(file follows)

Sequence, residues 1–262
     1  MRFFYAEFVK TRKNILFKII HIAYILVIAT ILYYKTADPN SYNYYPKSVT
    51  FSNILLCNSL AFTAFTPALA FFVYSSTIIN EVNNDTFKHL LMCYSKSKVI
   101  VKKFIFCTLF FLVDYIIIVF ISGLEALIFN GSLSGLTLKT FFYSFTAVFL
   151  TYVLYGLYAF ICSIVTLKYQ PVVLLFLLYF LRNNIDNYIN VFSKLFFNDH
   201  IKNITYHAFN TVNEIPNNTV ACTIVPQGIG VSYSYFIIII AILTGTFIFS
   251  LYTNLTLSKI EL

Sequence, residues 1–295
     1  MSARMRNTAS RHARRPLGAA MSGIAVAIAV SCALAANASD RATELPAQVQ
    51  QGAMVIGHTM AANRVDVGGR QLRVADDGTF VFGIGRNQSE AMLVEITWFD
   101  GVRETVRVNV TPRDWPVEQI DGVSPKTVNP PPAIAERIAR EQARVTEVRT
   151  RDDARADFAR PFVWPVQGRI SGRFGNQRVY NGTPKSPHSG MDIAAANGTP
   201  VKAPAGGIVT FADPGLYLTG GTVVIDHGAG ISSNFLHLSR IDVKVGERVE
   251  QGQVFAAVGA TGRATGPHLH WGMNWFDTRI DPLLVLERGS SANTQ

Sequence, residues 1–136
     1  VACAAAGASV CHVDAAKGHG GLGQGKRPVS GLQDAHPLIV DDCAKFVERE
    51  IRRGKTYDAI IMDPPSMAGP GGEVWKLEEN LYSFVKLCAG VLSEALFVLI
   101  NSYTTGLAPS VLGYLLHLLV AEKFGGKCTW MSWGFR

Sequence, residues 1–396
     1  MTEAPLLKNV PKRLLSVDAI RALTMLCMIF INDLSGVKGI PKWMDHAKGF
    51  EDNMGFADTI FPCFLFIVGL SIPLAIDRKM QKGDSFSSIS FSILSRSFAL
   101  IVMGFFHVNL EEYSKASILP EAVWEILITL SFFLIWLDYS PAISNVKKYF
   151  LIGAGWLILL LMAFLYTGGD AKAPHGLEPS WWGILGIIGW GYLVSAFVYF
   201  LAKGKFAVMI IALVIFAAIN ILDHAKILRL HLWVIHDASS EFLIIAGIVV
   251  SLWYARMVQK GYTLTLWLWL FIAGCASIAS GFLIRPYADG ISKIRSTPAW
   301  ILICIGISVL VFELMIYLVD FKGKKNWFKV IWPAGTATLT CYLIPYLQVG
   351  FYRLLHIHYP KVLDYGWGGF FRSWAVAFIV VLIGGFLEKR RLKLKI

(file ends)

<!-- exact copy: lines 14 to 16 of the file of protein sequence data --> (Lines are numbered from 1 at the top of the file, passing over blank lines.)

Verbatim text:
   251  QGQVFAAVGA TGRATGPHLH WGMNWFDTRI DPLLVLERGS SANTQ

Sequence, residues 1–136
     1  VACAAAGASV CHVDAAKGHG GLGQGKRPVS GLQDAHPLIV DDCAKFVERE